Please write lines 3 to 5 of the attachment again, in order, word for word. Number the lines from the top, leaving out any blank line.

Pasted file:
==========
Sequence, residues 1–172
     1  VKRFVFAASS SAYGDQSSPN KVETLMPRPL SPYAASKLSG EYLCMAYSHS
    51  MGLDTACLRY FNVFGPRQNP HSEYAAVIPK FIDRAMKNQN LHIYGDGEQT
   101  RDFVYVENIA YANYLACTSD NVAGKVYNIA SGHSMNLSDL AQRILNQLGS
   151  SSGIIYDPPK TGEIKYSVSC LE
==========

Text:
    51  MGLDTACLRY FNVFGPRQNP HSEYAAVIPK FIDRAMKNQN LHIYGDGEQT
   101  RDFVYVENIA YANYLACTSD NVAGKVYNIA SGHSMNLSDL AQRILNQLGS
   151  SSGIIYDPPK TGEIKYSVSC LE